- Outlines a clear, logical approach to neuropsychological evaluation- Provides specific clinical practice guidelines for each phase of the evaluation- Integrates clinical practice with up-to-date research findings- Recommends specific tests for evaluating older adults- Details how to interpret test findings and identify the patient's neuropsychological profile- Illustrates important points with examples and case materials, many neuropathologically-confirmed- Includes forms useful in clinical practice
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The Clinical Interview
General Principles and Guidelines for Formal Testing
Evaluation of General Intellectual Function, Attention, Executive Function, Verbal Abilities, and Visuospatial and Visuoconstructive Abilities
Memory Evaluation in Older Adults
Neuropsychological Profiles of Common Disorders Affecting Older Adults I: Alzheimer's Disease, Frontotemporal Lobar Degeneration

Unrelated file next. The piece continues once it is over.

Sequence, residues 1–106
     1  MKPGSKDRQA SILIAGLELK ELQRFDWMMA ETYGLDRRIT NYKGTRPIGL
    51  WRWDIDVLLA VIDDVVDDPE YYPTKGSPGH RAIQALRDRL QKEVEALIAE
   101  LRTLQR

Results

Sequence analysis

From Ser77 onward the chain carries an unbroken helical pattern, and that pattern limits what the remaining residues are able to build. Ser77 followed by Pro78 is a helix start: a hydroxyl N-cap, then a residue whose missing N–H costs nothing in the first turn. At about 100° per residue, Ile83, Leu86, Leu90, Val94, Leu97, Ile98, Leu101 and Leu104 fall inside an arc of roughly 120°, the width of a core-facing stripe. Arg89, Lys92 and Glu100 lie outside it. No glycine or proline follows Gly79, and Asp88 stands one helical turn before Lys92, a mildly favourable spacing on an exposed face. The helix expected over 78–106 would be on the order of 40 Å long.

Neuropsychological Profiles II: Vascular disease, Dementia with Lewy Bodies
Neuropsychological Profiles III: Parkinsonian Disorders, Corticobasal Degeneration, Huntington's Disease
Neuropsychological Profiles IV: Traumatic Brain Injury, Substance-Related Disorders, Normal Pressure Hydrocephalus, Metabolic and Toxic Disorders
Assessment of Depression during the Neuropsychological Evaluation
Organizing and Interpreting Test Findings
Writing the Evaluation Report
Providing Feedback and Planning Follow-up Services
Dr. Green is an Associate Professor in the Department of Neurology at the Emory University School of Medicine. She is Chief Neuropsychologist of the Emory Alzheimer's Disease Center at Wesley Woods Health Center, and of the Movement Disorders Program. She has been actively involved in clinical work, research, and teaching on the neuropsychology of older adults for over ten years. She has authored or co-authored over thirty research articles and chapters related to normal and abnormal cognition, with a focus on Alzheimer's disease and Parkinson's disease.